Should circulatory shock heighten suspicion of hypoadrenocorticism?

Should circulatory shock heighten suspicion of hypoadrenocorticism?

Apr 01, 2004

Signalment Canine, Maltese, 2 years old, male, neutered, 8.4 lbs.

Johnny Hoskins, DVM, Ph.D., Dipl. ACVIM
Clinical history The dog has been shaking for three days and currently is being treated with amoxicillin. The dog is anorexic and lethargic and is walking acceptably.

Physical examination The findings include rectal temperature 101.2° F, heart rate 165/min, respiratory rate 20/min, pink mucous membranes, normal capillary refill time, and normal heart and lung sounds. The dog has a non-painful abdomen but constipated stool palpated. The neurological examination is normal.

Table : Results of laboratory tests
Laboratory results A complete blood count, serum chemistry profile and urinalysis were performed and are outlined in Table 1.

Ultrasound examination: Thorough abdominal ultrasonography was performed with the dog positioned in dorsal recumbency.

Image 1 and 2.
My comments: The liver shows an inhomogeneous texture in its parenchyma. No masses noted within the liver parenchyma. The gall bladder is mildly distended, and its walls are not thickened or hyperechoic. The gall bladder does contain some sludge material. The common bile duct is slightly dilated. The spleen shows a homogeneous to inhomogeneous texture in its parenchyma - no masses noted.

The left and right kidneys are similar in size, shape and echotexture. Each kidney shows an inhomogeneous texture in the renal cortex. The renal pelvis is slightly dilated in the right kidney. No masses or calculi were noted in either kidney. The urinary bladder is distended with urine and contains some urine sediment material. No masses or calculi noted. The left and right adrenal glands are similar in size and shape. The stomach, small intestines and colon are normal. The pancreas shows an inhomogeneous texture in its parenchyma.

Case management: In this case, most likely hypoadrenocorticism is present. There was no obvious evidence of cancer noted during this abdominal ultrasound study. At this point, an ACTH stimulation test is warranted now, and then therapy for hypoadrenocorticism is started with fluids and prednisone. After the results of the ACTH stimulation test are known, then Florinef or injectable mineralocorticoid is started. The following information may be helpful.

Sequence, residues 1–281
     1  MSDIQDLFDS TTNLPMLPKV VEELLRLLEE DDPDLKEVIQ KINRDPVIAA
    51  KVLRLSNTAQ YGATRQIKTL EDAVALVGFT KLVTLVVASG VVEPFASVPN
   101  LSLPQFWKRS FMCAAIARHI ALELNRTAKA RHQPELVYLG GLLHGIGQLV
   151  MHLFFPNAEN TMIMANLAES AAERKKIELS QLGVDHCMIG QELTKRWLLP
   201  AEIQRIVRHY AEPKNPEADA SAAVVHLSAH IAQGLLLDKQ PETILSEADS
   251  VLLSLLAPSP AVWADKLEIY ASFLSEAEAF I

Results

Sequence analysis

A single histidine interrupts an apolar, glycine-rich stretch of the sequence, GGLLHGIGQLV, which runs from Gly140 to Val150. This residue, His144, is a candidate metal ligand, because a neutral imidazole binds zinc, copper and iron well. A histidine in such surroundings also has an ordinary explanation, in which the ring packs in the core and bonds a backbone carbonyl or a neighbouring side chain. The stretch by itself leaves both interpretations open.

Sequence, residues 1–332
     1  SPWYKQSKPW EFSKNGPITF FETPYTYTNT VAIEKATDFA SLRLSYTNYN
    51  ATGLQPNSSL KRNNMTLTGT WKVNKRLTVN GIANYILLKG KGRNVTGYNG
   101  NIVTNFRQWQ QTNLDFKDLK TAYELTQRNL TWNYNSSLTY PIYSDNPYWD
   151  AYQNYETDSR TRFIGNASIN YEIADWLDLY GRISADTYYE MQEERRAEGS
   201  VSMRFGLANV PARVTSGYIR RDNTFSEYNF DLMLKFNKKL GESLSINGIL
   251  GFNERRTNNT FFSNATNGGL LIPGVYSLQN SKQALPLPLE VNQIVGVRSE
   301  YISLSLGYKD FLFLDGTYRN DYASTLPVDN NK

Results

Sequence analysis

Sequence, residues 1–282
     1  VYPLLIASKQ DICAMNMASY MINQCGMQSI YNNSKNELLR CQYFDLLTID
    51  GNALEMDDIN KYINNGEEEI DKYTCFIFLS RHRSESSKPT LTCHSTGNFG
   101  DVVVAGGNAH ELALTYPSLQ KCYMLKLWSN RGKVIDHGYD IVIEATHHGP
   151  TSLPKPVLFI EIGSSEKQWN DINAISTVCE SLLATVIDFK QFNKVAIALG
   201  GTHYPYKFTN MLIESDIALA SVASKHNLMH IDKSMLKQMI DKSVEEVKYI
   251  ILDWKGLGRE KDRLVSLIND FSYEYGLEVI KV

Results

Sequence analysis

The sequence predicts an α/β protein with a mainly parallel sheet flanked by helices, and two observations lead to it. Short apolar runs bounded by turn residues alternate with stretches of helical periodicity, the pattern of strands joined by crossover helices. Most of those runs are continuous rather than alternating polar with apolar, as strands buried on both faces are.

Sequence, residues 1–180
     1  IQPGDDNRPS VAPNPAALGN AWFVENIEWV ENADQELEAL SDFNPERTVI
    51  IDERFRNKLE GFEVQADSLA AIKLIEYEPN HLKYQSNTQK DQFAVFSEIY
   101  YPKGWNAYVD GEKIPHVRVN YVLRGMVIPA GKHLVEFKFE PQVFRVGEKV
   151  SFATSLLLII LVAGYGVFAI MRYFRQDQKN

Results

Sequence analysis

Review on hypoadrenocorticism Primary hypoadrenocorticism is most often diagnosed in young dogs. Secondary hypoadrenocorticism resulting from ACTH deficiency is relatively common in dogs afflicted with deficiencies of the pituitary gland.

Image 3, 4, and 5.
The clinical signs of hypoadrenocorticism are intermittent vomiting, diarrhea, weight loss, lethargy, anorexia and weakness. These signs often resolve with fluid therapy and/or corticosteroid treatment. Physical examination of dogs in an acute hypoadrenal crisis shows weak pulse, bradycardia, prolonged capillary refill time, depression and severe muscle weakness. Clinical findings of hypoadrenocorticism that heighten the index of suspicion include a normal or slow heart rate in the face of circulatory shock and the waxing and waning course of disease prior to collapse.

Severe hyponatremia and hypochloremia associated with hyperkalemia are the hallmarks of hypoadrenocorticism. Although a serum Na:K ratio of less than 27:1 is considered suggestive of hypoadrenocorticism, it is never pathognomonic. Gastrointestinal disease, acute renal failure, and postrenal azotemia may also cause a low Na:K ratio. Some dogs with hypoadrenocorticism, especially those dogs with only a glucocorticoid deficiency, will not show the typical electrolyte disturbances. Azotemia and hyperphosphatemia are also associated with primary hypoadrenocorticism and make it difficult to differentiate from the azotemia of acute renal failure. The hematologic abnormalities are eosinophilia and lymphocytosis or normal eosinophil and lymphocyte counts in the face of any metabolic stress. The anemia of hypoadrenocorticism usually results from ongoing hemorrhagic gastroenteritis and not caused by the endocrine problem itself. Although hypoglycemia is more commonly associated with secondary or atypical hypoadrenocorticism, it is infrequently seen with primary hypoadrenocorticism. Urine specific gravity is frequently low and is attributed to an inadequate medullary gradient due to sodium depletion and decreased medullary blood flow. Dilute urine along with azotemia and hyperkalemia may easily be mistaken for acute renal failure.